Sequestration: Good or Bad for Mortgage Rates?

The word of the week is sequestration, and all across the country, people in every demographic are worried about its effect on their livelihood and their finances. Those considering a home purchase or refinance have special concerns.

What is the sequester, anyway?

The sequester is what Congress and the President agreed to in the event that they couldn’t come up with a budget by March 1, 2013. It was designed to be so awful and draconian that it would force them to compromise and come up with something workable before the deadline. The sequester triggers across-the-board budget cuts totaling $1.2 trillion through 2021, hitting defense and non-defense spending equally. This means that all programs get slashed indiscriminately, without considering which services are most vital or where there is waste that could be cut without impacting services. This year’s spending reduction is $85 billion.

What happens to mortgage rates?

We’re already seeing the result of ebbing confidence in the US economy. Investors have been given plenty of positive economic news lately, which would ordinarily cause them to pull money from safe government bonds and other fixed-income vehicles, and move it into equities and other riskier but more profitable enterprises. This would ordinarily cause bond prices to drop and interest rates to rise.

Here are the most notable reasons for economic optimism:

  • A substantial increase in home sales, with the properties going into escrow at a clip unseen in 2.5 years.
  • The Consumer Confidence Index, measured by business research group The Conference Board, spiked from 58.4 in January to an astonishing 69.6 in February!
  • Standard & Poor’s/Case-Shiller 20-city home price index rose 6.8 percent in December from a year earlier. That was the biggest year-over-year increase since July 2006.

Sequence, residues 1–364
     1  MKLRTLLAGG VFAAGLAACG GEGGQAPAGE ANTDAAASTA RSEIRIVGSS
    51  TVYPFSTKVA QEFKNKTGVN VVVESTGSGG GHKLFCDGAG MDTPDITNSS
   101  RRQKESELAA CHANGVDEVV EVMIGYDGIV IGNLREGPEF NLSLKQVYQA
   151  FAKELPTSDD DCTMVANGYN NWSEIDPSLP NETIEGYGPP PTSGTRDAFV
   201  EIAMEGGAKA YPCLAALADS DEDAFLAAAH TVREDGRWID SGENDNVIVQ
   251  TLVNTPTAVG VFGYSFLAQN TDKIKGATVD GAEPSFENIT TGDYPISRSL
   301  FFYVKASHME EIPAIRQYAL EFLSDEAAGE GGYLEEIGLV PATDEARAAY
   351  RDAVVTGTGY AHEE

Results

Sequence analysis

In spite of this encouraging news, however, bond prices have plenty of support, and mortgage rates have actually dropped as the sequestration nears. Once again, the stability of the US economy has been threatened by a collection of leaders who can’t seem to compromise in a meaningful way and put the US budget to bed. Once again, worry over what could happen if the sequester goes into effect – the loss of jobs, the decline of consumer spending and the erosion of property value, for starters – is causing investors to keep their money in relatively safe bonds.

Supply and Demand

Another possible side effect of sequestration is less demand for mortgages. Businesses that are especially vulnerable to reductions in federal spending may lay off workers if sequestration takes effect, and government employees are also on the chopping block. People are far less likely to buy homes while uncertain about their jobs or their business income. This can drop the demand for mortgages, and lenders may no longer be operating at full capacity. Analysts have been saying for some time that there is room for lenders to lower mortgage rates, and that the reason this hasn’t yet happened is the fact that lenders have more business than they can handle. If business drops off, we could see additional declines in mortgage rates.

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